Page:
Wellington: Two months after extending the lucrative “All Blacks” brand name from rugby union’s world champions to include New Zealand’s Sevens and Maori rugby teams, the New Zealand Rugby Union (NZRU) announced on Thursday a Maori tour of Britain.
The Maori All Blacks will play English Premiership winners Leicester Tigers, a select Championship XV, and Canada’s international team in November’s tour, NZRU chief executive Steve Tew said.
“We are very excited that our re-named Maori All Blacks will... showcase our unique brand of rugby to the northern hemisphere,” Tew said. “This announcement confirms our commitment to a tour programme for the Maori All Blacks.”
The Maori team has traditionally tended to play sides touring New Zealand.
A prerequisite for selection is that the player has Maori ancestry. The Maoris are the indigenous Polynesian people of New Zealand.
With their distinctive black kit, silver fern logo, intimidating pre-match haka — or war dance — and a winning record against every team they have ever played a test match against, rugby union’s All Blacks are one of the most recognisable teams in world sport.
The NZRU is now looking to convert that appeal into cash and raise funds for all layers of the game in New Zealand.
“We need $100 million [Dh367 million] a year to sustain our national game, to produce and retain the best players in the world and to keep making the community game attractive to young players,” Tew said earlier this year.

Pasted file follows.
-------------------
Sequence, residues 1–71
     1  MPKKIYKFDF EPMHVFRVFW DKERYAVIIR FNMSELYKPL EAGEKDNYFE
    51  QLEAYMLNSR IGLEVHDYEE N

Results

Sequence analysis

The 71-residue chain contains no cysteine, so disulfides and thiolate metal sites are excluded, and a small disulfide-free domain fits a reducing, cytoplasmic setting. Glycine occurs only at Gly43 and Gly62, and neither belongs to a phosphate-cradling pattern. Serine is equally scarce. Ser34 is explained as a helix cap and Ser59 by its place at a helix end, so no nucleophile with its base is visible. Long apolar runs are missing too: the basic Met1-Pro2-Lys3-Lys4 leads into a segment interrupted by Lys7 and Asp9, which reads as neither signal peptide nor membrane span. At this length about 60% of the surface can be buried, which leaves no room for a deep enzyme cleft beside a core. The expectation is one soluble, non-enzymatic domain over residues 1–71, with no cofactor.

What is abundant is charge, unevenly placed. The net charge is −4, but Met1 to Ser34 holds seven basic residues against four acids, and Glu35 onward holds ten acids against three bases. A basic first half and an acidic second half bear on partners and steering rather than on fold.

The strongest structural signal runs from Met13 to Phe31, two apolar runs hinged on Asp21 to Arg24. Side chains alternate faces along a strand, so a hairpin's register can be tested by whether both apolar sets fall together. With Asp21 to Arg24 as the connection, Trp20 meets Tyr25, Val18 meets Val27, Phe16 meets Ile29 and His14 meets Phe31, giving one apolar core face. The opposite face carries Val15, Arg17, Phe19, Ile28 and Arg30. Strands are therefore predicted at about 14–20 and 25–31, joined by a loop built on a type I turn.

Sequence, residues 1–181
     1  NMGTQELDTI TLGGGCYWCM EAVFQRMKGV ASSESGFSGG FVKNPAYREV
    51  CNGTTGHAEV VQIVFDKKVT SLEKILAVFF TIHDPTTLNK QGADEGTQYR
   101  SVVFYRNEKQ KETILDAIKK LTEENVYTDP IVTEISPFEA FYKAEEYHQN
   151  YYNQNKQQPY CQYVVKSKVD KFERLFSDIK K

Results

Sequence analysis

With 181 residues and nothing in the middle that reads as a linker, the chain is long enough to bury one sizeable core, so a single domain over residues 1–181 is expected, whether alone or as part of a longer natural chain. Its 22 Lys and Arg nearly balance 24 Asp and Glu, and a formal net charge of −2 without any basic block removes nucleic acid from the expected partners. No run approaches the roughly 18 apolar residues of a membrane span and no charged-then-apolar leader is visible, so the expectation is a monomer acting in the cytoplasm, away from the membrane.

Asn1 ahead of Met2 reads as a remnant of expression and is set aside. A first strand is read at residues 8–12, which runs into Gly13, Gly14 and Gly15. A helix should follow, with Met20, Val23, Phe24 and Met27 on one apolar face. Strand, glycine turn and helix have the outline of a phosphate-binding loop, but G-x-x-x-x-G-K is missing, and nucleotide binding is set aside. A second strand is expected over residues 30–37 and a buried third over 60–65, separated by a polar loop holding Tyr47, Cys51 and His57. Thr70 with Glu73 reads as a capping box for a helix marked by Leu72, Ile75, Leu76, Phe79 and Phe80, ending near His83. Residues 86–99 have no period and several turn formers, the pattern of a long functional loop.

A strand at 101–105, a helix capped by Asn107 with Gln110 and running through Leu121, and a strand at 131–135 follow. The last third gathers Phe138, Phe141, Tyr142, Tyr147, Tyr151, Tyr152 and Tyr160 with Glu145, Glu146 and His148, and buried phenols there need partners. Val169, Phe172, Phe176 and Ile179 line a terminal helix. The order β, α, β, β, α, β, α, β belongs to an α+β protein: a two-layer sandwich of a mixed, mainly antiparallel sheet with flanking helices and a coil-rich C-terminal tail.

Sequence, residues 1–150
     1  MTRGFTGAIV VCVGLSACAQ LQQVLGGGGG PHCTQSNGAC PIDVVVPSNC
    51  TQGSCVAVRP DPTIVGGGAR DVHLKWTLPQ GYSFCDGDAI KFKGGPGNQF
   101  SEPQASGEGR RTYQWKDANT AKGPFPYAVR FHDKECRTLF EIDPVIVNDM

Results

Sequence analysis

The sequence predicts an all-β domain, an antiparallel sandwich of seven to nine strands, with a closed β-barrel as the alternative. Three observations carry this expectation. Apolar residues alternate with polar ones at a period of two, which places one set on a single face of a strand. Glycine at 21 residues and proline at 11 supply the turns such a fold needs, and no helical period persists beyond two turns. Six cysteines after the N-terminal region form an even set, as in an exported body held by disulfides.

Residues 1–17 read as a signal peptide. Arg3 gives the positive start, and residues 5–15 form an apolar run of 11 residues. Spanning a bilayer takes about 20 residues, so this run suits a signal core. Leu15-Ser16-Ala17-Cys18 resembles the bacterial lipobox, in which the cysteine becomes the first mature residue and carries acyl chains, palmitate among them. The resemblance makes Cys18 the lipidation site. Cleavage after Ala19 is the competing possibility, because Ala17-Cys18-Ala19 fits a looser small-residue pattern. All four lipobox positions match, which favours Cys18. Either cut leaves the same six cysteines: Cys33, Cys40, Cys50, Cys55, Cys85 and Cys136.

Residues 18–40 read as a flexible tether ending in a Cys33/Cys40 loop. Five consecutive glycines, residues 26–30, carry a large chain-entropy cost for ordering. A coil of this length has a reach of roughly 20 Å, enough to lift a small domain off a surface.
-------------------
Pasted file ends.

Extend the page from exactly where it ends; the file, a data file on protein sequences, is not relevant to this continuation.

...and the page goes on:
“This (name) change allows us to create more reasons for international companies to associate with the All Blacks and New Zealand rugby by convincing them that the brand has real global reach.
“The All Blacks Sevens and Maori All Blacks can do that by flying the All Blacks flag virtually around the world throughout the year. They are both wonderful ambassadors for our game.”
“Imagine the All Blacks silver fern proudly on the chests of our Sevens team at the Rio de Janeiro Olympics in 2016. There is no greater place to showcase to the world the All Blacks style of rugby.
“Likewise with New Zealand Maori. We see them as also carrying the All Blacks message around the world.”
Tew said that the expansion of the All Black term would in no way dilute its value.
“The definition of an All Black will not change. To be capped as an All Black you must take the field in a 15-a-side Test match. Becoming an All Black will remain the pinnacle of rugby achievement and the dream of youngsters across the country who lace up their boots each weekend.
“But by taking these steps, we can better sustain the game we love, continue to produce winning All Blacks and ensure New Zealand rugby continues to be the powerhouse of world rugby.”
The All Blacks hosted and won their second rugby World Cup last year.